Sarah Renzi Sanders
Sarah Renzi Sanders is a contemporary surreal artist born in Washington D.C. Her recent work explores a complex narrative of womanhood through a series of large, colorful mixed media paintings. Sarah’s work is deeply tied to her meditation practice, rediscovering her childhood, and her experience as a mother. These pieces display the artist’s fascination with the mysteries of the mind, subconscious, and imagination. Sarah has been featured on Artsy, in online exhibitions, and juried exhibitions in the Washington D.C. metro area. She has also been featured in art publications including Pikchur magazine and Candyfloss magazine. Sarah lives in Kensington, Maryland with her husband and three children.
Sarah Renzi Sanders explores various identities in her experience as both a young girl and a mother. Often in her work, she feels exposed, a sense of intimacy she hopes translates to the viewer. Her paintings conjure a complex feeling of nostalgia through an excavation of memories, sometimes placing objects from childhood in her paintings as artifacts of previous versions of herself. Her color palette includes bright pastels juxtaposed with earth tones, black, and white. Using layers of watered-down acrylic, flashe, and gouache, Renzi Sanders creates the perception of some hidden part of the mind through a series of symbols. The third eye and masks are repeated as symbols of revealing and hiding authenticity, and textural elements such as cracks to express feelings of breakthrough and brokenness. The artist also uses embroidery floss to stitch details directly on the canvas. The works address the artist’s personal struggle with mental health and anxiety, as well as the masks one is conditioned to wear to hide these. Her art is a form of storytelling, allowing the artist to tell the truth from her perspective. She intends to connect with the viewer through sharing her vulnerability and give hope to those who may be struggling through the discovery of the buried parts of one’s self.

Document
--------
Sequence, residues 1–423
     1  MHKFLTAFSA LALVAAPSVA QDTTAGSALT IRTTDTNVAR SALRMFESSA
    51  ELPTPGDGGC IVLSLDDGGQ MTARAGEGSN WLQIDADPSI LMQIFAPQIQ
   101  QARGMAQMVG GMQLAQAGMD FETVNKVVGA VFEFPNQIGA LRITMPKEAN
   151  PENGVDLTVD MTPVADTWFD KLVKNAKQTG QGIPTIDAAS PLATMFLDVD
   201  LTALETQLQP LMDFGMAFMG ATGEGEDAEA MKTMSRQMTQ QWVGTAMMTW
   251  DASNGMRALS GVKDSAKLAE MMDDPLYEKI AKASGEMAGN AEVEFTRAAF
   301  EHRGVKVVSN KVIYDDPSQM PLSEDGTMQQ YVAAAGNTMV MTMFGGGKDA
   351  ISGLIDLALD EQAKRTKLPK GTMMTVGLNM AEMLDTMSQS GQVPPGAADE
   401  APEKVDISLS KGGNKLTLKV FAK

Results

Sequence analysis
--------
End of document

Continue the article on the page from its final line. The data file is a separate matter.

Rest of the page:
About Garden of Nostalgia
When I hear “Garden of Nostalgia” my mind travels back to my childhood. I was so excited when I saw this theme because it is deeply connected to my work. I often paint myself as a child and meditate on my past for inspiration. My paintings are deeply tied to memories of complex emotions as well as a connection to nature. I believe we can heal ourselves by going back to childhood, exploring times of vulnerability but also finding what brought us joy. As a child and as an adult, I find great joy in creating art and playing in the forest behind my house. My intention is for the viewer to feel the emotions and nostalgia of these pieces, while relating to them through their own story.